By Peter M. Hoffmann
Life is an enduring mystery. Yet, science tells us that living beings are merely sophisticated structures of lifeless molecules. If this view is correct, where do the seemingly purposeful motions of cells and organisms originate? In Life's Ratchet , physicist Peter M. Hoffmann locates the answer to this age-old question at the nanoscale.Below the calm, ordered exterior of a living organism lies microscopic chaos, or what Hoffmann calls the molecular storm,specialized molecules immersed in a whirlwind of colliding water molecules. Our cells are filled with molecular machines, which, like tiny ratchets, transform random motion into ordered activity, and create the purpose" that is the hallmark of life. Tiny electrical motors turn electrical voltage into motion, nanoscale factories custom-build other molecular machines, and mechanical machines twist, untwist, separate and package strands of DNA. The cell is like a city,an unfathomable, complex collection of molecular workers working together to create something greater than themselves.Life, Hoffman argues, emerges from the random motions of atoms filtered through these sophisticated structures of our evolved machinery. We are agglomerations of interacting nanoscale machines more amazing than anything in science fiction. Rather than relying on some mysterious life force" to drive them,as people believed for centuries,life's ratchets harness instead the second law of thermodynamics and the disorder of the molecular storm.Grounded in Hoffmann's own cutting-edge research, Life's Ratchet reveals the incredible findings of modern nanotechnology to tell the story of how the noisy world of atoms gives rise to life itself.
Lives of the Planets
By Richard Corfield
Lives of the Planets is a sweeping tour of our solar system, from the sun and demoted Pluto, to the Kuiper Belt and beyond the edge of the interstellar void. From the Neolithic computer that is Stonehenge to Galileo's telescope to Kepler's latest search for life on other planets, Richard Corfield deftly describes the colourful history of humanity's unfolding discovery of our solar system's secrets. In this era of unprecedented discovery, Lives of the Planets is a comprehensive survey of our growing knowledge and the history of how we got here.
Learning From the Octopus
By Rafe Sagarin
Despite the billions of dollars we've poured into foreign wars, homeland security, and disaster response, we are fundamentally no better prepared for the next terrorist attack or unprecedented flood than we were in 2001. Our response to catastrophe remains unchanged: add another step to airport security, another meter to the levee wall. This approach has proved totally ineffective: reacting to past threats and trying to predict future risks will only waste resources in our increasingly unpredictable world. In Learning from the Octopus , ecologist and security expert Rafe Sagarin rethinks the seemingly intractable problem of security by drawing inspiration from a surprising source: nature. Biological organisms have been living- and thriving- on a risk-filled planet for billions of years. Remarkably, they have done it without planning, predicting, or trying to perfect their responses to complex threats. Rather, they simply adapt to solve the challenges they continually face. Military leaders, public health officials, and business professionals would all like to be more adaptable, but few have figured out how. Sagarinargues that we can learn from observing how nature is organized, how organisms learn, how they create partnerships, and how life continually diversifies on this unpredictable planet. As soon as we dip our toes into a cold Pacific tidepool and watch what we thought was a rock turn into an octopus, jetting away in a cloud of ink, we can begin to see the how human adaptability can mimic natural adaptation. The same mechanisms that enabled the octopus's escape also allow our immune system to ward off new infectious diseases, helped soldiers in Iraq to recognize the threat of IEDs, and aided Google in developing faster ways to detect flu outbreaks. While we will never be able to predict the next earthquake, terrorist attack, or market fluctuation, nature can guide us in developing security systems that are not purely reactive but proactive, holistic, and adaptable. From the tidepools of Monterey to the mountains of Kazakhstan, Sagarin takes us on an eye-opening tour of the security challenges we face, and shows us how we might learn to respond more effectively to the unknown threats lurking in our future.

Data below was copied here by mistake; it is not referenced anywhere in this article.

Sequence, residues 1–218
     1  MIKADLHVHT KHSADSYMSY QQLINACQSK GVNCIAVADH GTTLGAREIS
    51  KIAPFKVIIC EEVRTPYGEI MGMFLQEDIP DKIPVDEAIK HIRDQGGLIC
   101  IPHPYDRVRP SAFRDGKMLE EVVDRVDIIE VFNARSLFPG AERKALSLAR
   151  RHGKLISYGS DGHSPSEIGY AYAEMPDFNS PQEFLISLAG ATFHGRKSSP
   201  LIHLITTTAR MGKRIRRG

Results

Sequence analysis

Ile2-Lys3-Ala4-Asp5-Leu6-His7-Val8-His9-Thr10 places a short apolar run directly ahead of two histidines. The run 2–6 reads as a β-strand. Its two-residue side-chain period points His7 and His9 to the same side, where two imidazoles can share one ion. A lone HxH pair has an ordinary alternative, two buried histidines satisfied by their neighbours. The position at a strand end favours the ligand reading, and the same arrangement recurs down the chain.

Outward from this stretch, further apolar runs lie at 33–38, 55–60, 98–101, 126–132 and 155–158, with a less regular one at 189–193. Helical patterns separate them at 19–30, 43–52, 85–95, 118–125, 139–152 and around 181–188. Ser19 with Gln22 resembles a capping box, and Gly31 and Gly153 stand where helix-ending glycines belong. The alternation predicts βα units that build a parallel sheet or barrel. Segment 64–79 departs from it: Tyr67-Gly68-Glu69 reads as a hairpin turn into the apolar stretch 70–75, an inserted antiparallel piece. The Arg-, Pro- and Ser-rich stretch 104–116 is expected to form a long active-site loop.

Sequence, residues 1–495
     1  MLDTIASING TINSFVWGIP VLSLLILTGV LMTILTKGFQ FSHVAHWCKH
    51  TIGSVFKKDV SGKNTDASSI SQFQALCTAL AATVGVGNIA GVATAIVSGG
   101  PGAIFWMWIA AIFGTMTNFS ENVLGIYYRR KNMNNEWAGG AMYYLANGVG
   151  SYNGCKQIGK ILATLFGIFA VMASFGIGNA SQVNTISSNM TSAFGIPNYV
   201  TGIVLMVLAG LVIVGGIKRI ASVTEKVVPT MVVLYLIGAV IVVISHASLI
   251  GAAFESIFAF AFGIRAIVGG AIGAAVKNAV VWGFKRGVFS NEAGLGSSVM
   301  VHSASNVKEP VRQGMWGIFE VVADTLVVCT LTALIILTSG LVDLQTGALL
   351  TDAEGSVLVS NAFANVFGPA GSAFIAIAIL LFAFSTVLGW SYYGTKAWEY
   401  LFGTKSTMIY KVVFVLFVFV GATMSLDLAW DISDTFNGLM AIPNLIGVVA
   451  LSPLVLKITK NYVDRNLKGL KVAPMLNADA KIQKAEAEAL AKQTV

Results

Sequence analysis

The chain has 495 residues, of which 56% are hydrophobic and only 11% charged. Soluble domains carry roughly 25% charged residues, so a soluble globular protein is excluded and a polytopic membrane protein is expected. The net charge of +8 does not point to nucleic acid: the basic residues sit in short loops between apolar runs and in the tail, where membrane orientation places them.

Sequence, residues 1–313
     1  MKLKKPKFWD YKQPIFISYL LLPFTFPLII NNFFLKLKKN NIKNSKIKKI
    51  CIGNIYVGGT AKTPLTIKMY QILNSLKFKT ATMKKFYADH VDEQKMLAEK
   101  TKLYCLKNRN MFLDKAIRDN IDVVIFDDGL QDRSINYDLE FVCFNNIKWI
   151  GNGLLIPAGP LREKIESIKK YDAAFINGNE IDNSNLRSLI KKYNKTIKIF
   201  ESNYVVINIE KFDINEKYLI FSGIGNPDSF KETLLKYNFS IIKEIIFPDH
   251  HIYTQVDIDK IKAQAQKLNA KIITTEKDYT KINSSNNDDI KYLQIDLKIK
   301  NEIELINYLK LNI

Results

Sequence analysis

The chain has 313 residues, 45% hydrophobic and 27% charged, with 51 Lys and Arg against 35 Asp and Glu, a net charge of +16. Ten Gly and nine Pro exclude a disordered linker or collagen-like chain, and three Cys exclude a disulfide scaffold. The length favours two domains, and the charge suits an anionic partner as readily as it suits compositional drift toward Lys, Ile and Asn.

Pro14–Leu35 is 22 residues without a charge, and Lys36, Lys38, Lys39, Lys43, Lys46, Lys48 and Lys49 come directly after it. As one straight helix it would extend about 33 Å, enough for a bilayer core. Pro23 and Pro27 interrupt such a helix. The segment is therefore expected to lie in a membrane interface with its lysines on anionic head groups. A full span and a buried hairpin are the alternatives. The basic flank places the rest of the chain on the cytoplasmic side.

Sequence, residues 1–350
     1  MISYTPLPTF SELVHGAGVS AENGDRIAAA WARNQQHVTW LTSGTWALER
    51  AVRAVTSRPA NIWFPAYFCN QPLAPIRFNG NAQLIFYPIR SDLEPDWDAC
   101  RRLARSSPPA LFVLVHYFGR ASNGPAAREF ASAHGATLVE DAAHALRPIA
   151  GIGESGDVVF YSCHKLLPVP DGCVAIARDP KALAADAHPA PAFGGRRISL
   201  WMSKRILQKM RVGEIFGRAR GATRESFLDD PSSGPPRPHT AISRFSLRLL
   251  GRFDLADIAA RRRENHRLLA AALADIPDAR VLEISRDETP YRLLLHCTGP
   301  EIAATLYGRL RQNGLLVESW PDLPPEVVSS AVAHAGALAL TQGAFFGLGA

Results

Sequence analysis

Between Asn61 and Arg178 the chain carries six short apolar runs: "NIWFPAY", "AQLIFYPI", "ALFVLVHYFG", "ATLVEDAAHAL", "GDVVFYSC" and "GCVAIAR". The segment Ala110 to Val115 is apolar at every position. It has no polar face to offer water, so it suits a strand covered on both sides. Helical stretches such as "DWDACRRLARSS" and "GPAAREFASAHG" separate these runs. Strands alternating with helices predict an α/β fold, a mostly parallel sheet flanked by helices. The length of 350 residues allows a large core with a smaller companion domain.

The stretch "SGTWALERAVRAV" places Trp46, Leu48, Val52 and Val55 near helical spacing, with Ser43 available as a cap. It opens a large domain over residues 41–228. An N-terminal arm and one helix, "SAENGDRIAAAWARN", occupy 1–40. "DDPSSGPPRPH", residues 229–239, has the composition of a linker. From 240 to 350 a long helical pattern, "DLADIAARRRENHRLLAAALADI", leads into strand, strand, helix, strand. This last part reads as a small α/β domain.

The Life of Super-Earths
By Dimitar Sasselov